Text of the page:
However, the good thing is that we learned the lesson.


The most common question for those now working on such a plan is how much cash reserves should be set aside. Some suggest that it is enough to have cash reserves of three to five months to cover expenses, while others recommend longer periods.


However, it would help if you also kept in mind that building up large reserves may affect your business’s growth and expansion. Your ability to make short-term investments in the event of an emergency also plays an important role.


Founders should also understand alternatives to traditional banking options, such as crowdfunding and crowdlending, and ultimately opt for the best interest solution to the current situation.


Managing the Change

With so many employees working from home, the development of team culture has become crucial. There are ways of enhancing teamwork and making the team know like they are part of the team. Building a team culture is to ask the employees for feedback on a mission statement and work processes. You can create virtual team-building activities or even virtual getaways.  It can help build a sense of belonging and raise the morale of the team.


Taking good care of your team is more important than ever. Be open and honest with communication. Be versatile and patient. Also, to adapt to all the changes that are taking place, your team will need time. Some may also struggle to get to know the latest technology that is being introduced. Lay the groundwork and be receptive to your employees’ needs.


Understand your business, and the world will never be the same again

In the post-pandemic world, the pandemic has created new opportunities for entrepreneurs to build goods and services needed to survive. The startup culture may have changed, but many companies have also been forced to become much more innovative to survive the volatile business world.


Companies can combine the benefits of remote work and office work to create an entirely new creative way. It can be more cost-effective and boost the morale of employees. Project management tools help to manage the teams and to assign tasks effortlessly. People have discovered new ways of communicating with their teams, and productivity has increased immensely. Understand your business and try to adapt. Those companies that adapt are the ones that will survive.


As coronavirus spreads throughout the world, businesses worldwide see significant challenges because of the virus

While several startups face uncertainty, a new world of work was created by the COVID-19 pandemic. Many startups are seeing new opportunities arise in this crisis. Those who don’t are innovating to reengineer their business models or collaborate with other businesses to help meet the current demand.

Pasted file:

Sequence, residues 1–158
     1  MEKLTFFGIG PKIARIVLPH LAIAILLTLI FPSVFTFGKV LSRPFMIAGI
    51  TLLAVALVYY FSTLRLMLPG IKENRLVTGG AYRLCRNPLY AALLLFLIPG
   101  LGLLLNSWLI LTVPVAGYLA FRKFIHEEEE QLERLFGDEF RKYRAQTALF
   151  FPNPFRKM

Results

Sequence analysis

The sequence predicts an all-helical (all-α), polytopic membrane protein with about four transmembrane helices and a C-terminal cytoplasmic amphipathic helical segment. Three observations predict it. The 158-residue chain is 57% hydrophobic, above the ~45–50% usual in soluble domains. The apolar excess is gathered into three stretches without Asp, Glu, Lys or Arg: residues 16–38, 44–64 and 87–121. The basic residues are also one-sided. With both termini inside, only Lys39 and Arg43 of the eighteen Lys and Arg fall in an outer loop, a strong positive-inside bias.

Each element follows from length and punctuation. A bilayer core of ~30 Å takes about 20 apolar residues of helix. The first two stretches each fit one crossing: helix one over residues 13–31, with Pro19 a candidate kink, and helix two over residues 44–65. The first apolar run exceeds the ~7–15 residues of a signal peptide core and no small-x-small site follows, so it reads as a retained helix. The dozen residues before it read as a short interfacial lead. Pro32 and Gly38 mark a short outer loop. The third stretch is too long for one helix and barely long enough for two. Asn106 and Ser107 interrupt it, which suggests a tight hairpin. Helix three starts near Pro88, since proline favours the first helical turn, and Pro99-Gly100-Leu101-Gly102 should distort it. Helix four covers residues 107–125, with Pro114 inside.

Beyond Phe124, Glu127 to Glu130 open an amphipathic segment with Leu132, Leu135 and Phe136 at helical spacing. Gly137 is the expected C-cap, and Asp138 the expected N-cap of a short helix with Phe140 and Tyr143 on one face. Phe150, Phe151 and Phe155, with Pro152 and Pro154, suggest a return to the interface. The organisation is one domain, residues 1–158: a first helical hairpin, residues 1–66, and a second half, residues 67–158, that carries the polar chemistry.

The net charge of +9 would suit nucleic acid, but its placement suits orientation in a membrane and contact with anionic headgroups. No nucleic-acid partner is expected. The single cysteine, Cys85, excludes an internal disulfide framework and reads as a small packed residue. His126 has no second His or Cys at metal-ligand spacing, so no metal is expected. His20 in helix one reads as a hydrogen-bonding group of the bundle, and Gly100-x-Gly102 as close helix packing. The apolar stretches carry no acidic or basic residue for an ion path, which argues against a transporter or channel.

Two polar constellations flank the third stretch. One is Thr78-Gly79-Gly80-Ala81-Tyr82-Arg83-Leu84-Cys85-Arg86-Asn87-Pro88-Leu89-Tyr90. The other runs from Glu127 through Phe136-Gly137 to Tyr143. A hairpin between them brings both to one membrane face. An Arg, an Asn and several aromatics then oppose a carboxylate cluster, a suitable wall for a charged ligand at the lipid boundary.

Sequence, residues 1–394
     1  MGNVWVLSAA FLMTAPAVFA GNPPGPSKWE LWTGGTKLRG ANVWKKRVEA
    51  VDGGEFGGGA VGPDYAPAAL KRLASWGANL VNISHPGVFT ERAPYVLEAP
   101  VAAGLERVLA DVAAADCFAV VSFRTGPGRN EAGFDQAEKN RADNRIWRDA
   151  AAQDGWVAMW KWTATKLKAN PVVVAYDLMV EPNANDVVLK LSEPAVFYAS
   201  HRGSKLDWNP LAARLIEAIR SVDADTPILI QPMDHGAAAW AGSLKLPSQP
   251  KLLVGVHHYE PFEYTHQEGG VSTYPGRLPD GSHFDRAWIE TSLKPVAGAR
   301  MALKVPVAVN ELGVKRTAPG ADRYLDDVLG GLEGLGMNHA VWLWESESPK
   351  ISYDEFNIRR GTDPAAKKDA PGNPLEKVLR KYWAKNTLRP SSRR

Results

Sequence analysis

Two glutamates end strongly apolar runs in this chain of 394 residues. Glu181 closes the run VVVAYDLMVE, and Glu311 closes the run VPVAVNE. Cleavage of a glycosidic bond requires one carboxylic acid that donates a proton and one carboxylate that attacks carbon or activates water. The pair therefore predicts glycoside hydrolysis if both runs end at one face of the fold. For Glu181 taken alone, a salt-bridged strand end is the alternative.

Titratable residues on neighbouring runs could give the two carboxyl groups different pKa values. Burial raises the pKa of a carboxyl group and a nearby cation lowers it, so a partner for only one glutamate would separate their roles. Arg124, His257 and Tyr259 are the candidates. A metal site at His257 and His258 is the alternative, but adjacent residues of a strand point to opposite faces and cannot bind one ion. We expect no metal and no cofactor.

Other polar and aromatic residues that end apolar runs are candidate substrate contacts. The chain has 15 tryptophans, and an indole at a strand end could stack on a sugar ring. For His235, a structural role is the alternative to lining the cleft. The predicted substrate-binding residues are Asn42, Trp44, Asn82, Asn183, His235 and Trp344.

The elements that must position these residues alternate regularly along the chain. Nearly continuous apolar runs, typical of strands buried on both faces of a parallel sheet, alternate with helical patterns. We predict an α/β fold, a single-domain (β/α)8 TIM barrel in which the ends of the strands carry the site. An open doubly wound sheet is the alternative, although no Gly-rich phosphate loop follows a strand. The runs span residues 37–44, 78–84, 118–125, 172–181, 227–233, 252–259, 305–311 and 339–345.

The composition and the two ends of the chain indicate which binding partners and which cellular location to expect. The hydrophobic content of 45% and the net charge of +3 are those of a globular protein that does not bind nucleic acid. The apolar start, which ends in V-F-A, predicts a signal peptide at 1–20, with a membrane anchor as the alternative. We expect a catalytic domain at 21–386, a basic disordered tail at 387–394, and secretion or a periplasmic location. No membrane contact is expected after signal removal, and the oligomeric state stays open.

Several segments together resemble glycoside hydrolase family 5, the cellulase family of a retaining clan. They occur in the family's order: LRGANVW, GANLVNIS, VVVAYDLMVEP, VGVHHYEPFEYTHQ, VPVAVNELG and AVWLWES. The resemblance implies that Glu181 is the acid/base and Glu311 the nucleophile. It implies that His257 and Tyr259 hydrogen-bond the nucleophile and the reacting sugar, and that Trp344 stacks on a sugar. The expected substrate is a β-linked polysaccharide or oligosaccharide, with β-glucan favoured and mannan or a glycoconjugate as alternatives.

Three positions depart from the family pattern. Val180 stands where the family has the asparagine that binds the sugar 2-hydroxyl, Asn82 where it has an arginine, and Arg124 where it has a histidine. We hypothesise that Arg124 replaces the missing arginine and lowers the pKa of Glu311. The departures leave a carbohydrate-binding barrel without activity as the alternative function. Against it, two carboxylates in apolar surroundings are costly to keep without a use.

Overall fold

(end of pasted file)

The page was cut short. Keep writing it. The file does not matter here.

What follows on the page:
Here are big challenges faced by most startups and how to overcome them


Challenge 1: Money Management

One of the greatest obstacles remains by accessing additional funds. Although some angel investors are still making investments, fewer transactions are being done and for less capital than before the outbreak. The COVID-19 crisis has also made it more difficult for early-stage projects to rise above the noise and gain capital, product knowledge or mindshare.


How to overcome this

According to Taragin, “Startups will need to consider reallocating resources to priority projects and determining the lender’s credit condition and accessing available credit before it is required, he adds. These may be difficult adjustments, but proactive and strategic measures must be taken to maintain the company’s health when resources are limited.”


Startups with venture funds or grant money should focus on conserving cash and applying those funds most productively to support the company for the longest possible period.


Challenge 2: Finding funding

Raising funds can be a major challenge for startups, especially those who do not currently generate revenue. Initially, many startups rely on financing from friends and family. They usually apply for funding from other sources as they expand, which requires them to create a business case and meet defined requirements regarding their financial results and how they are likely to utilize any additional funding.


The ability of startups to raise funds will rely on the sector they work in. Government funding is currently available in the UK healthcare sector for startups that are developing COVID-19 solutions. Government support for startups is also available in other industries, but specific and various application rules exist. Also, startups that produce sales could have suffered a decrease in revenue due to consumer spending.


How to overcome this

Financial literacy is essential for startups in this challenging time, helping them to monitor their spending and efficiently manage their capital. They can be supported in this regard by the expertise of professional management accountants.


To improve their visibility by using government grants and loan schemes to obtain financial breathing space, entrepreneurs can also take advantage of their networks and social media platforms such as FacebookTwitter or LinkedIn.